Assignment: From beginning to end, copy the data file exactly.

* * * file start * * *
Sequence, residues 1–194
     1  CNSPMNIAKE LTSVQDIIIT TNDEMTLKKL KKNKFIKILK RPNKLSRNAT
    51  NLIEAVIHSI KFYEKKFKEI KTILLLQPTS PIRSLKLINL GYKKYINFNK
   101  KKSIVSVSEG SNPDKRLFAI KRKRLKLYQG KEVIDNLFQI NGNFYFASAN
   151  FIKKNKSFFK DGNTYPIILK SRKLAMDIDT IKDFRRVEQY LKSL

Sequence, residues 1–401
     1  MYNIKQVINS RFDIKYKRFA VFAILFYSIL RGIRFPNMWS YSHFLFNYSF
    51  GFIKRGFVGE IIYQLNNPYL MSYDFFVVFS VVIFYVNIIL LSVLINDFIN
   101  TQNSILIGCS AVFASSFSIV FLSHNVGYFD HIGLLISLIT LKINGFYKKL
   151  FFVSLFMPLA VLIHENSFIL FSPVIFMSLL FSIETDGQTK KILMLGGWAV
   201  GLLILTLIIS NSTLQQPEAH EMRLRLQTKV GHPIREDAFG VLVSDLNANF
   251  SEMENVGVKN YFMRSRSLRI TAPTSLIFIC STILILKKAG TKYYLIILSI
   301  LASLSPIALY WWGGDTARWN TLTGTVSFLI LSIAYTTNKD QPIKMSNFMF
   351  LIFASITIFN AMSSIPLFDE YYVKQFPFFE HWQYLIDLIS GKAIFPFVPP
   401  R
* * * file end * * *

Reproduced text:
Sequence, residues 1–194
     1  CNSPMNIAKE LTSVQDIIIT TNDEMTLKKL KKNKFIKILK RPNKLSRNAT
    51  NLIEAVIHSI KFYEKKFKEI KTILLLQPTS PIRSLKLINL GYKKYINFNK
   101  KKSIVSVSEG SNPDKRLFAI KRKRLKLYQG KEVIDNLFQI NGNFYFASAN
   151  FIKKNKSFFK DGNTYPIILK SRKLAMDIDT IKDFRRVEQY LKSL

Sequence, residues 1–401
     1  MYNIKQVINS RFDIKYKRFA VFAILFYSIL RGIRFPNMWS YSHFLFNYSF
    51  GFIKRGFVGE IIYQLNNPYL MSYDFFVVFS VVIFYVNIIL LSVLINDFIN
   101  TQNSILIGCS AVFASSFSIV FLSHNVGYFD HIGLLISLIT LKINGFYKKL
   151  FFVSLFMPLA VLIHENSFIL FSPVIFMSLL FSIETDGQTK KILMLGGWAV
   201  GLLILTLIIS NSTLQQPEAH EMRLRLQTKV GHPIREDAFG VLVSDLNANF
   251  SEMENVGVKN YFMRSRSLRI TAPTSLIFIC STILILKKAG TKYYLIILSI
   301  LASLSPIALY WWGGDTARWN TLTGTVSFLI LSIAYTTNKD QPIKMSNFMF
   351  LIFASITIFN AMSSIPLFDE YYVKQFPFFE HWQYLIDLIS GKAIFPFVPP
   401  R